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When it comes to Timo Tolkki, the only certainty is uncertainty. Not so much in what you will get from him musically, as there is a level of continuity that can be expected, though this is contingent on said Finn’s mood. But when it comes to band stability, the period where such a thing coincided with Timo’s career has long passed, and it seems that with his latest creation he is desperate to try and get back to those days. While the sudden scuttling of Revolution Renaissance might seem like an erratic move in line with his unpredictable caprices, it makes sense when looking at the fold that is Symfonia as to why it was done. Ultimately the former project had degenerated into a confused combination of late 90s Stratovarius and Timo’s less than stellar solo hard rock ventures, and the surprisingly solid final offering “Trinity” underscores why a fresh start was probably the best move in getting himself back in the game.
This is, for all intents and purposes, a super band that may prove to have the longevity of others of their kind such as Civilization One and Ride The Sky. But at the same time it is a perfect coupling of several musicians with similar stylistic tendencies, one of which being Jari Kainulainen, who had seen all of the good times and some of the bad times of Stratovarius along with Timo. Rounding out the arrangement is a former Sonata Arctica keyboardist with similar chops to that of Jens Johannson, and a veteran high flying air-raid siren to rival Koltipelto and Kiske in Andre Matos. And if the all star list wasn’t familiar enough, Uli Kusch has lent his kit work to the band, bringing in a representation of the Helloween roots that has dominated this style from the get go. It might not be a match made to last, but for anyone who fell in love with the “Fourth Dimension” through “Visions” era of Stratovarius, it is definitely one made in heaven.
“In Paradisum” is a very appropriate name for an album that exemplifies the paradise of sounds that encompassed early Stratovarius, with high flying tempos, basic speed metal riffing, loads of double kick drumming, and enough light keyboard atmospheres to rival the billowing clouds of a mid-spring sky. It might not win any awards for heaviness, but when looking at a solid reassertion of the same winning combination of classic rock and fast paced influences that European power metal has drawn from the 70s and 80s, this is solid from start to finish. “Fields Of Avalon”, “Santiago” and “Forevermore” all take a pure orthodox road that will instantly bring back memories of such Stratovarius fan favorites such as “Legions” and “Father Time”. The fear of many that Timo had lost his shredding edge and felt the need to employ other guitarists to fill out the solo sections is dispelled as a barrage of familiar fits of Malmsteen worship once again graces most of the instrumental break sections, though with that somewhat less longwinded tendency in line with Timo’s past work.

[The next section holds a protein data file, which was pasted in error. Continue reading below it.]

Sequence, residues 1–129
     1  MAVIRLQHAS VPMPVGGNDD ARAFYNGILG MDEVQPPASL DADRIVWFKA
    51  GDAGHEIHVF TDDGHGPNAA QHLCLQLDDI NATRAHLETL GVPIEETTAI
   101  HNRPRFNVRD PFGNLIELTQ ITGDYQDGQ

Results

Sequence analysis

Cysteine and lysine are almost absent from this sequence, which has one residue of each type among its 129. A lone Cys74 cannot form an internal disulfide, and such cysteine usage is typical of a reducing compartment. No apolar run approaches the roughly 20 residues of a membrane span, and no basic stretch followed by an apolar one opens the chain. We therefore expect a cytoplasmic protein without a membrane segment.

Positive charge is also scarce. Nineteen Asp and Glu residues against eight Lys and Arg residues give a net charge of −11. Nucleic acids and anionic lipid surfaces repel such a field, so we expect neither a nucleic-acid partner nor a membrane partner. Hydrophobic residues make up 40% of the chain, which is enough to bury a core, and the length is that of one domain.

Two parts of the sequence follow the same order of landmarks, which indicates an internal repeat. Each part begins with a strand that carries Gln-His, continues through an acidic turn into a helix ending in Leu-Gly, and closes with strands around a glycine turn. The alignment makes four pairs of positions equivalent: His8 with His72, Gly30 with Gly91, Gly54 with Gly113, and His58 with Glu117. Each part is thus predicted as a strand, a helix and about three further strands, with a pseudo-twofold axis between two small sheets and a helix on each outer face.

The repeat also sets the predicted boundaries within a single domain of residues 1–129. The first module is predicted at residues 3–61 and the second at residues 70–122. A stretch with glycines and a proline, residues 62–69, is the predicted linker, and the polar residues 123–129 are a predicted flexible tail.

Perhaps the one area where this album is a bit atypical for Timo’s body of work is that he puts most of his best work into the mid-tempo offerings on here. Sure, there is the usual longer epic with a slow paced groove on the title song that reminds heavily of “Soul Of A Vagabond” and the previous album title song “Trinity”. But the real winners on here are “Come By The Hills” and “I Walk In Neon” with two utterly unforgettable choruses that take the listener right back to the days when Avantasia and Edguy actually made music that was worth a damn. Andre Matos’ vocal attack is as high flying and glass breaking as it was on “Angel’s Cry” 18 years prior, the riff attack is invigorated and fresh, and the songwriting is on point. The only real down point, as per usual with the typical Stratovarius album, is the closing ballad, but in comparison to such crappers as “Drop In The Ocean” and “Celestial Dream”, “Don’t Let Me Go” is more of a bland experience than a terrible one.
This could prove to be an impressive power metal empire, if this fold can keep it that is. Occasionally the convergence of longstanding veterans into super bands in this endless game of musical chairs going on yields up a classic. This is a good year for this style of metal thus far, which may make it a bad one for the wallets for said consumers of such syrupy goodness, and why not. With all of the crap pushed by the actual mainstream, why not get a better version of it where you can sing along with a melody while occasionally banging your head?
Originally submitted to (www.metal-observer.com) on April 5, 2011.